Kirby Warnock on His New Film and the Heyday of Dallas Rock

Imagine a time in Dallas when Led Zeppelin, Tom Petty, the Cars and Elvis Costello could all be found without sneaking past a team of security guards or purchasing a $200 VIP pass. It's a time when every major record label in Dallas not only pushed records like drug dealers, but also pimped their artists to anyone who'd listen.

"Most people don't have a grasp of just how big of music town Dallas was back then," says Kirby Warnock, the former editor of Buddy, one of the first rock-n-roll magazines in Dallas to cover the music scene. "There was no Dallas Observer, and mainstream media wasn't covering rock 'n' roll, because they considered it to be the counterculture. It was fresh after Vietnam War. To them, it was just a bunch of hippies making music."

Warnock is setting out to memorialize those heady days with a new short film, which premiers at Texas Theatre on September 26.

Kirby Warnock on His New Film and the Heyday of Dallas Rock
Kirby Warnock

In his new short film When Dallas Rocked, Warnock hopes to show just how important the Dallas music scene was to the artists, to the fans, to the city. Showing classic photos of various rock 'n' roll moments and telling stories that would stop even the marginal music lover in his or her tracks, the former editor reveals just how much cooler the Dallas scene was compared to Austin or Nashville. "People think it's all happening in Austin," he says, "and don't get me wrong -- it is now. Austin is the place to be now. But we have a rich music history here and we should catalog it. This is my first attempt to catalog and digitize and chronicle what was going on back then because there's no record of it anywhere even though I was there... and so were a lot of other people."

Of course he's right. Dallas does have a rich music history. Robert Johnson recorded Hellhounds On My Trail, a legendary blues song recorded by a man who could feel the devil's breath on the back of his neck. "Austin has a statue of Stevie Ray Vaughan, but we don't have one here even though he's from Dallas," says Warnock. "It's crazy we don't have a statue of Freddie King here, and he's in the Rock 'n' Roll Hall of Fame. Here, in his home town, there's not a plaque or anything. It's crazy that a guy from Dallas is getting recognition in Cleveland but not here. Explain that to me."

Of course he's right again. Not only do we not recognize Mr. King or the Vaughan brothers in Dallas, both of whom are Oak Cliff boys, but also "Dimebag" Darrell Abbot and Mike Scaccia, both of whom deserve a statue in the middle of downtown Fort Worth. "We don't do a very good job of recognizing our creative artistic class here," he says.

So that's the need for Warnock's film. The project began at last year's inaugural Oak Cliff Film Festival, where a category called "Community Shorts" was opened to submissions for short films. "So I had all this pictures from working at Buddy just sitting in a box. I just kept thinking: Man, these are pretty neat pictures; somebody might want to see them." He scanned them, found some music and created a slideshow. "Most young people think everything that happened before they were born is on the Internet, but that's not true. There's a ton of stuff that's got to be scanned and digitized."  

Once his short film appeared, Warnock received "tons of phone calls and emails." Then a radio station commentary followed as well as a podcast discussing the old Dallas music scene. "I thought there's enough here, so I'll just expand it," he says. Yet several of the people whom he needed to interview were dead. In 2011, Stoney Burns, his boss at Buddy, died of a heart attack, and last year Bugs Henderson died of cancer. "I did a long interview with Bugs before he was sick, and I was like, 'Man, we're not getting any younger; and if somebody doesn't catalog this, these folks aren't going to be around much longer.'"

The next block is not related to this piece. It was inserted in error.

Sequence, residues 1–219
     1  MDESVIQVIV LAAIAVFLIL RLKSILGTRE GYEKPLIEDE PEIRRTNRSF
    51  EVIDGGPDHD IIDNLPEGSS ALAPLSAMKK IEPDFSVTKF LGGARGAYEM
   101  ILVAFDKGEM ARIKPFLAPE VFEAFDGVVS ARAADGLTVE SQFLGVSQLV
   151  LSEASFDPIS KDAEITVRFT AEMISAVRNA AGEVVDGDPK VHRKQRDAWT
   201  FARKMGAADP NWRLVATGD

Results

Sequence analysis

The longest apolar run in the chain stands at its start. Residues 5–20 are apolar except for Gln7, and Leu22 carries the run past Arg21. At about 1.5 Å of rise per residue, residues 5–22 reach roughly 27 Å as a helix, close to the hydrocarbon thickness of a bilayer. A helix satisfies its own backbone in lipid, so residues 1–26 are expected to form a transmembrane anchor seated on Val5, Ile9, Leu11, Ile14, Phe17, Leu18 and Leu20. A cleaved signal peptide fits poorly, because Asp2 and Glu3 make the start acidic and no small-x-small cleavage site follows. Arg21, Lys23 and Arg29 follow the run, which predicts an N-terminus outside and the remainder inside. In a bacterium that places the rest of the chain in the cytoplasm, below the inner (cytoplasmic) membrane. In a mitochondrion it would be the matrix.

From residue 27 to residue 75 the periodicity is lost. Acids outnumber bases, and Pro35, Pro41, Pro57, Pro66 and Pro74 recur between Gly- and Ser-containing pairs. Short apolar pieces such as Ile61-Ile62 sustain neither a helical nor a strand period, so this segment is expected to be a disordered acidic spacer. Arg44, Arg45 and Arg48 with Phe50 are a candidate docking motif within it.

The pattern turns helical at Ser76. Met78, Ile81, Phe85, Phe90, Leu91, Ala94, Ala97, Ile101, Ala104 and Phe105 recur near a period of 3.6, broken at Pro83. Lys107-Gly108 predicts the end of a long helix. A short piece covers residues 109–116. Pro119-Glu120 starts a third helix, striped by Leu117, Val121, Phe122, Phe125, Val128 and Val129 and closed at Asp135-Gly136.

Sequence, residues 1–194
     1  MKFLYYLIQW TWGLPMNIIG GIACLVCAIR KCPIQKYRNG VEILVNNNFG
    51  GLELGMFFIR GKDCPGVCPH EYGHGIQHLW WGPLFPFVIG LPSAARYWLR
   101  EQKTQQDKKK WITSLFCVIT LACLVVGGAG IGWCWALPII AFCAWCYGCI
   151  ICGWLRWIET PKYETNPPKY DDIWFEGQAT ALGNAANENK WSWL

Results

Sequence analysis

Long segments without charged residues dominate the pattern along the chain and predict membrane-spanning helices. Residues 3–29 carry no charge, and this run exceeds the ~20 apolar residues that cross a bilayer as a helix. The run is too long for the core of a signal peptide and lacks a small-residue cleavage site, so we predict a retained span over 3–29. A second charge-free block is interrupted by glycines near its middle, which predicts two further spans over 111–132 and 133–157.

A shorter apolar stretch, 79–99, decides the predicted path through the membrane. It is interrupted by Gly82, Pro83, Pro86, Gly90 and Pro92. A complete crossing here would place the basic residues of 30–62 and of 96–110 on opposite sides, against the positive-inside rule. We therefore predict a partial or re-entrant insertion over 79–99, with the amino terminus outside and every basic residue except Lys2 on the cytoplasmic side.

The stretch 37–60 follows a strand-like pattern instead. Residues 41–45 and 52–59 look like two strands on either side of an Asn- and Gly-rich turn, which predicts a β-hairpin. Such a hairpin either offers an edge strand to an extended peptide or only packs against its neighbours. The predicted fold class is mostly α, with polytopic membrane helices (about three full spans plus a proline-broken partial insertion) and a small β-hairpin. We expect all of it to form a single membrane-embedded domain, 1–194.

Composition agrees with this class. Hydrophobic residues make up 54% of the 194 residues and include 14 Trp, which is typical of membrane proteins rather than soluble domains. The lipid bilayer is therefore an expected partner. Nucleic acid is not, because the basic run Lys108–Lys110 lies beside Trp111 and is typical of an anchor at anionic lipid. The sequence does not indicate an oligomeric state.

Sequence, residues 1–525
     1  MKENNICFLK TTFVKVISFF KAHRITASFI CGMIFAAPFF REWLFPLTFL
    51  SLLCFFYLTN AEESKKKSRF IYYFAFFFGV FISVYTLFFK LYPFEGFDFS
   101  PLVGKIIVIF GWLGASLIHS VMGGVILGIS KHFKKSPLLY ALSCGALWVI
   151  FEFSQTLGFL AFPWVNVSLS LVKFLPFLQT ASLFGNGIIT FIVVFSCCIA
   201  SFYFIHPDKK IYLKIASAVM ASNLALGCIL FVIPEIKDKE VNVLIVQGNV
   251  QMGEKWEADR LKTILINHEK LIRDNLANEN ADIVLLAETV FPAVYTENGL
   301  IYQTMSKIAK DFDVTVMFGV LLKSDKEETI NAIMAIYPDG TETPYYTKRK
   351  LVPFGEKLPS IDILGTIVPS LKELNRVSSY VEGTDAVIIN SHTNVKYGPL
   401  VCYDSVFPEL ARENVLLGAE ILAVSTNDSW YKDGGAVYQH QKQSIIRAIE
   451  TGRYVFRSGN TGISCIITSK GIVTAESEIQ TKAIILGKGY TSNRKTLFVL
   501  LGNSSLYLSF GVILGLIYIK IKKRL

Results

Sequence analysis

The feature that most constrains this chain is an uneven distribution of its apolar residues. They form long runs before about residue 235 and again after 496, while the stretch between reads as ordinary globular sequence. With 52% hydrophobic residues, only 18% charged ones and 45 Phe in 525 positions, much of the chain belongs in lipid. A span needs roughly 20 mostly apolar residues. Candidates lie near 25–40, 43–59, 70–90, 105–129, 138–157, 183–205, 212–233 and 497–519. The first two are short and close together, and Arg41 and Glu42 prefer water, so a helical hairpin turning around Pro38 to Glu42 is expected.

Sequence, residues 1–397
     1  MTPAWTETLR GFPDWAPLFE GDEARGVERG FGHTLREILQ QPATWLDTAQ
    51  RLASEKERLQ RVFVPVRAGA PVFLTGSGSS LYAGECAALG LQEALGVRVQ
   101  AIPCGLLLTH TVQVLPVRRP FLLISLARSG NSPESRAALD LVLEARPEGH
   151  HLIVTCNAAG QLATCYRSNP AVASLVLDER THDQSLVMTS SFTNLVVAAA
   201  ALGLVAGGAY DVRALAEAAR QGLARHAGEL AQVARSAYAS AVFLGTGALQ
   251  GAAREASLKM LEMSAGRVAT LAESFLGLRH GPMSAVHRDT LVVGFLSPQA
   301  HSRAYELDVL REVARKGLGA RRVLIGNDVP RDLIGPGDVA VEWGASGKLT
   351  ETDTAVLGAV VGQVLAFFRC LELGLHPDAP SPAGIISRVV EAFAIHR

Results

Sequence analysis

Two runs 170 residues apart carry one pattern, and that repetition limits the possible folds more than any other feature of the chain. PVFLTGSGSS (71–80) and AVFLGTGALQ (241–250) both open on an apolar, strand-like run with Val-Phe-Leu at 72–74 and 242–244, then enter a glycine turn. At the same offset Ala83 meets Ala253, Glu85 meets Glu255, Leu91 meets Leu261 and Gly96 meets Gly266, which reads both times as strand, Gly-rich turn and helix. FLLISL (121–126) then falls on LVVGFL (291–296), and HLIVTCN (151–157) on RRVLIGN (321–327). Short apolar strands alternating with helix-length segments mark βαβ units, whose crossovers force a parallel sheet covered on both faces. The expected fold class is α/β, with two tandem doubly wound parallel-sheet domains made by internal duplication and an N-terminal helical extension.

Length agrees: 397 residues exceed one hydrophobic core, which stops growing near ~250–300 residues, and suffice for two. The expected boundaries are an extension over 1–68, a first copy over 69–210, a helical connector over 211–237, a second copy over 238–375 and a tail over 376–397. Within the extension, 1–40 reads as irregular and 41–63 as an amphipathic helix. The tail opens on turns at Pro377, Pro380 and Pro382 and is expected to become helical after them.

He's hoping that people will respond well to the film, so he can expand his short film into a more in-depth look at that moment in time when Dallas was way cooler than Austin.

"Somebody said something to me a long time ago, 'It's not history until it's written down.' And I guess that's what I'm trying to do with this film. Is all these people who were around when I was around interviewing, we have all these stories to tell, but these stories have never been written or catalog or recorded. This is my attempt to capture that and let me people know about it."

From Led Zeppelin chilling at Mother Blues to the Runaways and the Cars at Peaches Records hoping to sign fans' records, Warnock has chronicled the experience of a special time. "Today, everybody is kept at arm's length," Warnock says. "When I went to concerts back then, it was like the artist and the audience became one."

Take his example of Elvis Costello, a pop encyclopaedian whose music has earned him a Grammy Award, a Brit Award and an induction into the Rock-n-Roll Hall of Fame. Costello played a show in Dallas and afterward said he was a big Delbert McClinton fan. (If you don't know his music, McClinton is a Fort Worth-based blues legend who's been inducted in the Texas Heritage Songwriters Hall of Fame. His songs have appeared on both country and rock charts.) Warnock wrote down a club's address where McClinton happened to be playing that evening. Once Costello's show was over, he and his whole band drive the tour bus over there and meet Fort Worth blues legend. "We had homegrown talent, and rock stars were nuts about it," Warnock says.

Warnock also says it's important to understand the Dallas music scene history to better develop an appreciate of what makes Dallas one of the greatest cities in America, despite the hell that is rush hour on 635, and while the people who built the city need to be recognized, so to do the people who give the city its soul.

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